April Club Screening – The Bridal Procession in Hardanger

Wednesday 11th April 2012;
The Kings Arms Pub,
Blackboy Hill,
Whiteladies Road,
7:30pm Free Admission
A brief introduction to this Wednesdays Club screening by Peter Walsh:

This is a great unknown masterpiece!’ Tom Gunning

An almost forgotten classic of Norwegian cinema, The Bridal Procession in Hardanger (1926) arrives to the world after a meticulous six year restoration process by the Norwegian Film Institute. A tale of young love, early marriage, and the looming draw to emigrate from rural Norway to the promise of America, the film is a beautiful realisation of 19th century heritage and tradition, set against the stunning backdrop of the Hardangerfjords.
The film stands prominently as part of Norway’s cultural history, not just as brilliant movie of the late silent period, but also as a visual continuation of the young nation’s still emerging identity. An adaptation of the novel Marit Skjølte, and a recreation of the 19th century landscape painting which inspired it, Bridal Procession the film shows us the idealized view the new country had of its own historic past, just twenty one years after it’s own independence. Traditional cottages, wooden churches, intricate folk dress, and the unique music of the region are all interwoven in a vivid tableaux of life in 19th century Norway. 
The place of this traditional folk music is not lost in this silent film either, as part of the film’s extensive restoration process involved rediscovering contemporary cue sheets, integrating among others the work of Edvard Grieg. At the heart of the film is the haunting Hardanger fiddle, unique to the region, and key to the film’s central scene as the bridal procession cross the mirror-blank Hardangerfjord at speed in traditional rowing boats. A spectacular scene in a brilliant but overlooked film, The Bridal Procession in Hardanger is not to be missed.    

The film will be introduced by Bristol Silents’ very own Scandinavian Film Enthusiast Peter Walsh. Peter is (and has for many years) been a regular supporter of Bristol Silents in and around the UK. He also bides his time with many of us at Le Giornate Del Cinema Muto. He indulges in everything Scandinavian, including Silent Film and Folk Music, which this film neatly combines.
  1. #1 by James Harrison on April 9, 2012 - 8:34 pm

    Really worth going to see this one guys…. like all our Club Screeenings i guess….

  2. #2 by burntretina on April 11, 2012 - 4:49 pm

    No no James, this film’s a special one, above and beyond the average. If I may say so myself!

    Just thought I’d post a few footnotes for tonight’s screening, something people can follow up after the film, or just check out if they haven’t got the chance to make it.

    Firstly, there’s a great little radio documentary on the BBC iPlayer, about a Swede who moved to Norway to learn the beautiful art of the Hardangerfele, or the Hardanger Fiddle to give it it’s English name. A brief but insightful interview piece, the doc shows how fiddle-playing is part of a wider Norwegian folk tradition. [It’s on the iPlayer until 2099, so no hurry!]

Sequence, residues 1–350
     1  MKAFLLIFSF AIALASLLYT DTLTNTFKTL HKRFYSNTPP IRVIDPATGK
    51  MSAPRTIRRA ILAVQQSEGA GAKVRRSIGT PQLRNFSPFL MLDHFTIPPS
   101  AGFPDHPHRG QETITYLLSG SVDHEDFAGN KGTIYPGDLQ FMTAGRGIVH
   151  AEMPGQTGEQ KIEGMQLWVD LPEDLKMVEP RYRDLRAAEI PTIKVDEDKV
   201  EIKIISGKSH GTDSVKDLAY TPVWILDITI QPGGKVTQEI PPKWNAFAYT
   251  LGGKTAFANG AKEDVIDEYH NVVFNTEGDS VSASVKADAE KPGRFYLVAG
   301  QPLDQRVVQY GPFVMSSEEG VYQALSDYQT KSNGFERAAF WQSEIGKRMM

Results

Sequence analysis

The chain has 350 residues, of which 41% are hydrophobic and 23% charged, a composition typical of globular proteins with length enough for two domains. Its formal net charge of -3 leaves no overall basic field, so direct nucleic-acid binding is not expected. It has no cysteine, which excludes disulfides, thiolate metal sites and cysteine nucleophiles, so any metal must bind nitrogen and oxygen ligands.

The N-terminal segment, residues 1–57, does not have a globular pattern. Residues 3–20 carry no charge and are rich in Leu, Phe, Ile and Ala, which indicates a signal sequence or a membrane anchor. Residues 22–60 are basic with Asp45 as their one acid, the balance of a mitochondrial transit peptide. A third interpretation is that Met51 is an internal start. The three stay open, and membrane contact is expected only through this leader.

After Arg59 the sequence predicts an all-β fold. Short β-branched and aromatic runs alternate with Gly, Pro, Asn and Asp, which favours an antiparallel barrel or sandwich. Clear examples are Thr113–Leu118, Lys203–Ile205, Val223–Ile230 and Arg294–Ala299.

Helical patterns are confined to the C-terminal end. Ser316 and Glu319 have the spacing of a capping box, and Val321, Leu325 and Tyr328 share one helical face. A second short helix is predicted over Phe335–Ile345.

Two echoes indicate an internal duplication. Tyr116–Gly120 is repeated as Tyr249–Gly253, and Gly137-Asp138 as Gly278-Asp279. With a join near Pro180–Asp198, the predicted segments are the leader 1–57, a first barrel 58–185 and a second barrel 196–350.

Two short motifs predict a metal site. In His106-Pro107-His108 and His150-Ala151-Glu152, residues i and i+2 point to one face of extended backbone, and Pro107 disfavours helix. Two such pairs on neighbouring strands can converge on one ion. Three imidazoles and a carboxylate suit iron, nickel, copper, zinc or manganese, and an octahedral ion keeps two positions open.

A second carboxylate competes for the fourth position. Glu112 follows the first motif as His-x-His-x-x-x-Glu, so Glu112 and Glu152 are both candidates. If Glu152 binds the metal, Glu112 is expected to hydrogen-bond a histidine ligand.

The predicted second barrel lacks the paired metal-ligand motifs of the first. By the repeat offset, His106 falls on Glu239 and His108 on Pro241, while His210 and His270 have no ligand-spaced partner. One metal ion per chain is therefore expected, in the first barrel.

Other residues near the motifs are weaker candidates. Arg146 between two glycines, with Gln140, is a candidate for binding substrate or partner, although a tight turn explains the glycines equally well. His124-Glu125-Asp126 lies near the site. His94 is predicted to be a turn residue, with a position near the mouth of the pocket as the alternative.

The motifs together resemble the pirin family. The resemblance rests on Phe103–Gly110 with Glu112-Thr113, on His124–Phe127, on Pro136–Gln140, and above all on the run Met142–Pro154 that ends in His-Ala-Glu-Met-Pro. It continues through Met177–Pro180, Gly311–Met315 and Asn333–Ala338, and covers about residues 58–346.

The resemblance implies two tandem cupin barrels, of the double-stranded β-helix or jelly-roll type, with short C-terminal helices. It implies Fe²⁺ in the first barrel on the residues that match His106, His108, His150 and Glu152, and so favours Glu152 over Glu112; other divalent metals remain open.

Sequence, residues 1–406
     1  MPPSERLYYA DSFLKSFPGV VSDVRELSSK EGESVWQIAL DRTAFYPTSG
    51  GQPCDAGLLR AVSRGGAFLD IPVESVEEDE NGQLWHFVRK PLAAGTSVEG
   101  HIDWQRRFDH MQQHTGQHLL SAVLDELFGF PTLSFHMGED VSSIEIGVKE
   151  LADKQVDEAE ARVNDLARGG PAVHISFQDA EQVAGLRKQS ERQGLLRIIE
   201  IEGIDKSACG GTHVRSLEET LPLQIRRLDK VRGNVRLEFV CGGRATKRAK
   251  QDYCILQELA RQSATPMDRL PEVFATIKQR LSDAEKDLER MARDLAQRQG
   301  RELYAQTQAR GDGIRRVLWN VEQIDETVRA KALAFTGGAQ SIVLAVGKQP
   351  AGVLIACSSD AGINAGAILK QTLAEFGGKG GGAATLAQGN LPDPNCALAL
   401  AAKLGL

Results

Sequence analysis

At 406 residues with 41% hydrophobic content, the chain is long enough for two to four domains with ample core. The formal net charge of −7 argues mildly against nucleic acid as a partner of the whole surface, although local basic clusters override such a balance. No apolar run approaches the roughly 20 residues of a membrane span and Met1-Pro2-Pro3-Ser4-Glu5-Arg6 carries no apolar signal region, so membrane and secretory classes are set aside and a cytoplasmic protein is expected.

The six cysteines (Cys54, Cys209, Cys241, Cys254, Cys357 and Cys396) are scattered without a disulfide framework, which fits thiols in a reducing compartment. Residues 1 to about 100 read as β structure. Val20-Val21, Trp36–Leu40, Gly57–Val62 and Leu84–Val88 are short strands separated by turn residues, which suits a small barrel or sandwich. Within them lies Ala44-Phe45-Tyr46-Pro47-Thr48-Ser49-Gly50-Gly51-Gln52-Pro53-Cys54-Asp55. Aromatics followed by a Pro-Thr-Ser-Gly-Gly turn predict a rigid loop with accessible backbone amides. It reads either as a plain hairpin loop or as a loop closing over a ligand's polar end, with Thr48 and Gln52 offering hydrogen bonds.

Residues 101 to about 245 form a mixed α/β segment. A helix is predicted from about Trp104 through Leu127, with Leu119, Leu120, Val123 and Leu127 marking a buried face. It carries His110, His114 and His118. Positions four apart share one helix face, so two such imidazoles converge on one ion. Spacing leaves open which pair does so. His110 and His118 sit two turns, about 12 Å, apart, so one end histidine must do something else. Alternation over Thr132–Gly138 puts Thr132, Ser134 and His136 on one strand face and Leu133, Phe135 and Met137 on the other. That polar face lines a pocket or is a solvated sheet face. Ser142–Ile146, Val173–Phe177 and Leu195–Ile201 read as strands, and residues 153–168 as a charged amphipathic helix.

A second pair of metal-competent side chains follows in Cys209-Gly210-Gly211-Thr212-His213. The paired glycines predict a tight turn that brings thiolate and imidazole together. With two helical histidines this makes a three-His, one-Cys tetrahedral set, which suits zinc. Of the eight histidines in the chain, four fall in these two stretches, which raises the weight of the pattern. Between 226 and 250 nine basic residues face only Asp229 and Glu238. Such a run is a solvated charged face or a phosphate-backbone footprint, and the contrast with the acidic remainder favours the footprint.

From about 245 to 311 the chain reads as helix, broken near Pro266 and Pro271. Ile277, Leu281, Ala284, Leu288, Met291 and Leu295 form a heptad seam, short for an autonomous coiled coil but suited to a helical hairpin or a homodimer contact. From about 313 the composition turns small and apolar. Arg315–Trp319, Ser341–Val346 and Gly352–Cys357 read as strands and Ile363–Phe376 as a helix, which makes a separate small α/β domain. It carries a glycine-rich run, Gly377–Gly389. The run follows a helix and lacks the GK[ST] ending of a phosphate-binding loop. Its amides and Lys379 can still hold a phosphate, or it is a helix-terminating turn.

Secondly, if you want some more words of endorsement then check out Paolo Cherchai Usai’s review of the film in international federation of film archivist’s journal. It’s free for all, and the review’s on page 65 –

    Click to access FIAF76.pdf

    Paolo’s one of the chief curators of the Pordenone Silent Film Festival, so when he says that this version of the Bridal Procession in Hardanger “is one of the best orchestral performances of original silent music ever recorded”, well he isn’t saying so lightly!

  3. #3 by James Harrison on April 11, 2012 - 10:32 pm

    I eat my words Peter; fantastic film, with a fantastic score; fantastic Club Screening. Many Thanks to Peter and Mark Fuller for their help!

  4. #4 by milanstuermer on April 11, 2012 - 11:20 pm

    What a wonderful film, thanks a lot for screening it.

    Apart from a few longueurs in the middle it was absolutely wonderful.The acting was simply incredible, especially some of the close-ups of Marit (young and old) were incredibly touching.

    Okay, I have a weak spot for Greig anyway, but the score still blew my mind! And what a great instrument the hardanger fiddle is [currently browsing through whatever youtube has to offer if one searches for hardanger fiddle 😉 ]

    And yeah, pretty much throughout the whole movie I felt the urge to take a screenshot and print it off as a poster for my plain room =)

    So thanks again for the screening and the intro!

    PS: Like the new site!

  5. #5 by Mark Fuller on April 12, 2012 - 8:45 am

    Great to see it on a big screen at last……..the bridal boat race across the fjord is one of THE sequences in silent film, in the sheer beauty on display in the stunning cinematography, the editing, the immaculate state of preservation, and the score. In the whole film, the combination of the use of landscape, and the landscapes of the extra’s faces, is perfect.
    It does give me pause that, as far as I know, the British films on similar themes are all lost or at least unavailable…..I’d love to see a silent Thomas Hardy adaptation on the big screen; I know the synchro-scored Under The Greenwood Tree exists, but it’s a tad underwhelming…..but what wouldn’t I give to see Sydney Morgan’s Mayor of Casterbridge…..

  6. #6 by Ceri on April 15, 2012 - 8:17 pm

    This was quite a gem. Great score. Mesmerising in parts – and a beautiful print. I want to visit Norway now!

  7. #7 by James Harrison on May 6, 2012 - 4:46 pm

    Some extra comments can be found here…http://realreeljournal.com/2012/05/05/bristolsilents/

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  2. Championing Silent Cinema: Bristol Silents « Real|Reel Journal
  3. A Bridal Procession in Hardanger: Some Screening Notes « Burnt Retina

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